Is Okinawa the Healthiest Place on Earth?
Once the site of the largest amphibious assault in the Pacific in World War II, Okinawa has long since been known as the Japanese Hawaii and is heralded around the world for its beauty, culture, and tranquility. In recent years, the Okinawa prefecture has also seen international attention for another one of its accolades: the longevity of its residents.
It is widely thought that Okinawa has the largest centenarian ratio in the world, and this revelation spawned a diet craze that Google recently revealed was among the top-searched “eating plans” for 2013. Indeed, they’re doing something right. Compared to North Americans, Okinawans have 80 percent less breast cancer and prostate cancer, and less than half the ovarian and colon cancers. Here are a few reasons Okinawans may be among the healthiest in the world.
Diet and indigenous vegetables
Okinawan food, different from that of mainland Japan, possesses several key vegetables that could help to extend longevity. Chief among them are their purple sweet potatoes, which are rich in flavonoids, carotenoids, vitamin E and lycopene, and goya — a bitter “melon” that has been shown to lower blood sugar in diabetics. Okinawans also have low levels of the plasma homocysteine, which can be attributed to their ingestion of green, leafy vegetables.
Studies show that Okinawans also eat three servings of fish a week, a variety of whole grains, and more tofu and more Kombu seaweed than anyone else in the world. The majority of items in Okinawans’ diet allows them to eat more food with a lower caloric density — a key element in the “Okinawa Diet” that has been adopted by Westerners.
Hara hachi bu
Okinawans are known practicers of hara hachi bu, the Confucian teaching that advocates eating until one is 80 percent full. Though some are skeptics of this self-imposed calorie restriction, elderly Okinawans have a typical body mass of 18 to 22, compared to a typical BMI of 26 or 27 for adults over the age of 60 in the U.S.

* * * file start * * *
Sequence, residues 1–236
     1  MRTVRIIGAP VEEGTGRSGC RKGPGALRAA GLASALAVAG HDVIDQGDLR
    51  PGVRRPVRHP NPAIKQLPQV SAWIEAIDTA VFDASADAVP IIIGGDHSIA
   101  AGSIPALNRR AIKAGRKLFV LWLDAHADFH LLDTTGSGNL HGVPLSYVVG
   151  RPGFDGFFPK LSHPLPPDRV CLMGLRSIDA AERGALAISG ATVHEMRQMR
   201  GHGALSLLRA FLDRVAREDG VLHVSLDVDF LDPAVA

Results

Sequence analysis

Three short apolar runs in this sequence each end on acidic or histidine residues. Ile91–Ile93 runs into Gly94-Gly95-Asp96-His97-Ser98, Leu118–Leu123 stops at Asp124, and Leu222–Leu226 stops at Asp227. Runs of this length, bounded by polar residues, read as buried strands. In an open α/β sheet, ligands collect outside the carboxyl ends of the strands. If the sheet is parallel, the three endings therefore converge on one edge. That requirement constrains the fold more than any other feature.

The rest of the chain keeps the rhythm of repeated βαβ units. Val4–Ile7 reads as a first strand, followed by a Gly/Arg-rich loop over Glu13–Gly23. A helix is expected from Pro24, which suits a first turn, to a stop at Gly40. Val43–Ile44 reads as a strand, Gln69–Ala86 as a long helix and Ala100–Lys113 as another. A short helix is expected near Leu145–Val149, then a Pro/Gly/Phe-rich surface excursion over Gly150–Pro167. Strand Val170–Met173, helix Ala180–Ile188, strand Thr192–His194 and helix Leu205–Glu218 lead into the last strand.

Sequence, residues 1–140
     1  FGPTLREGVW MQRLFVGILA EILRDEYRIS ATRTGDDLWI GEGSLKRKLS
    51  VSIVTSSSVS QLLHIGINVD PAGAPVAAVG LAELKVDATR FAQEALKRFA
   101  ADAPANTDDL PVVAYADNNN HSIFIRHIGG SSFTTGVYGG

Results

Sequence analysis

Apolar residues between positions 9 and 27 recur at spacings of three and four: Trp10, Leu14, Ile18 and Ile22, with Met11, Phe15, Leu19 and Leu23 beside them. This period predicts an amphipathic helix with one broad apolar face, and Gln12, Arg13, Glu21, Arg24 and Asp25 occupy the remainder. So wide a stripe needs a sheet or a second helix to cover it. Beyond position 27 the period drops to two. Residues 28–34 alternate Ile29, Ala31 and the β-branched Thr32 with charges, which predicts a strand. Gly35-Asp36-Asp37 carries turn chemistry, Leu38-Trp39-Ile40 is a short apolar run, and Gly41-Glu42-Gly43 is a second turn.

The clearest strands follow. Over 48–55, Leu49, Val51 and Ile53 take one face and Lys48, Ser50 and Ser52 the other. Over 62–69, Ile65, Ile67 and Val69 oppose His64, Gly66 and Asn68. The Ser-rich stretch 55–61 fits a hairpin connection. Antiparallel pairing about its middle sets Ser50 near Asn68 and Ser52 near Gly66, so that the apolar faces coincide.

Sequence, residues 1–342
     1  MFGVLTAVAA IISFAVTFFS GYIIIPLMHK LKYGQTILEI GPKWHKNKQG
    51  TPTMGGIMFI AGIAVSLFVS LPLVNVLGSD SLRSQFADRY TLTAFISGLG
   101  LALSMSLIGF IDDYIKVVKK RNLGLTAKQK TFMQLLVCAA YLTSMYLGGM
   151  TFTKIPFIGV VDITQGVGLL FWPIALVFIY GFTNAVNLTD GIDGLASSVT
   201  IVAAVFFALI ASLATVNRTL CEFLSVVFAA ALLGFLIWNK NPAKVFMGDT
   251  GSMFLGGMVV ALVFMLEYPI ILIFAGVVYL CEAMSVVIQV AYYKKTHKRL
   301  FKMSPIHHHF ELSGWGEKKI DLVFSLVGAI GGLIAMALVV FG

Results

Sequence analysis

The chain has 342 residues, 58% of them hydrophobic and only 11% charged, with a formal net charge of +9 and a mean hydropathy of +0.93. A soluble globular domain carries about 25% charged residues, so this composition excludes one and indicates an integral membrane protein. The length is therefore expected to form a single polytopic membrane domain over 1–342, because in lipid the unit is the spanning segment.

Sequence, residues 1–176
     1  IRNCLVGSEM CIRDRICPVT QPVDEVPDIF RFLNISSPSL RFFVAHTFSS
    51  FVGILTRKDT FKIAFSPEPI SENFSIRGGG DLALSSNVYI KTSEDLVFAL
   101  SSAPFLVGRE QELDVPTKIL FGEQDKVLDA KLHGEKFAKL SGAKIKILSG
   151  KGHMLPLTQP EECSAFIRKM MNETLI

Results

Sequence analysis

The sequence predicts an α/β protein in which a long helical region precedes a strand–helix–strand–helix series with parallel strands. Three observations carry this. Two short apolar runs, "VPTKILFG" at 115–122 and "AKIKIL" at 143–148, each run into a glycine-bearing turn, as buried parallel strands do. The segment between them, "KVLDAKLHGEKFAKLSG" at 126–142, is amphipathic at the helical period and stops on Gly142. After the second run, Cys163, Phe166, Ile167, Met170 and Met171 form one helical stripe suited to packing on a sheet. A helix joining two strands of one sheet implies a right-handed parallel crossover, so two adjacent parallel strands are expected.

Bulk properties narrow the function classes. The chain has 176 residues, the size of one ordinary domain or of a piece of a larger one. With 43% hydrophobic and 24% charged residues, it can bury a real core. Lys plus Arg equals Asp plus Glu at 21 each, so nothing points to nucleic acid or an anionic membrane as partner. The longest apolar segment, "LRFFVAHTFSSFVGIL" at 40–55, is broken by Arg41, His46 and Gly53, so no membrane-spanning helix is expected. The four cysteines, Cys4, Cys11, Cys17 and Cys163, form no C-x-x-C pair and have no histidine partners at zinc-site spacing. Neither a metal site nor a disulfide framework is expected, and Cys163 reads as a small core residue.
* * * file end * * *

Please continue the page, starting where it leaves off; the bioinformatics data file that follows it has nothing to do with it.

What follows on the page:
Role of genetics
The heritability of human longevity purports that roughly a third of human lifespan may be genetic. The Okinawa Centenarian Study, an ongoing population-based study of centenarians and other selected elderly in the Okinawa prefecture that began in 1975, also reports that genetic factors are clearly important to human longevity — especially Okinawan longevity.
As previously mentioned when exploring the concept of hara hachi bu, Okinawans have remained remarkably lean in their long lives. In addition to a combination of genetic fortune and diet, Okinawans are known to exercise daily and spend time connecting the mind and body through focused activities such as tai chi.
Though all of the above factors have an undeniable impact on the longevity of the Okinawans, it’s hard to separate one from the other, said Dr. Bradley J. Willcox, who co-authored the book “The Okinawa Program: How the World’s Longest-Lived People Achieve Everlasting Health — And How You Can Too.” He said that, “There is no one most important factor. It is balance between the main factors. We call them four legs of a chair. If you don’t have those legs in balance, the chair will topple over.”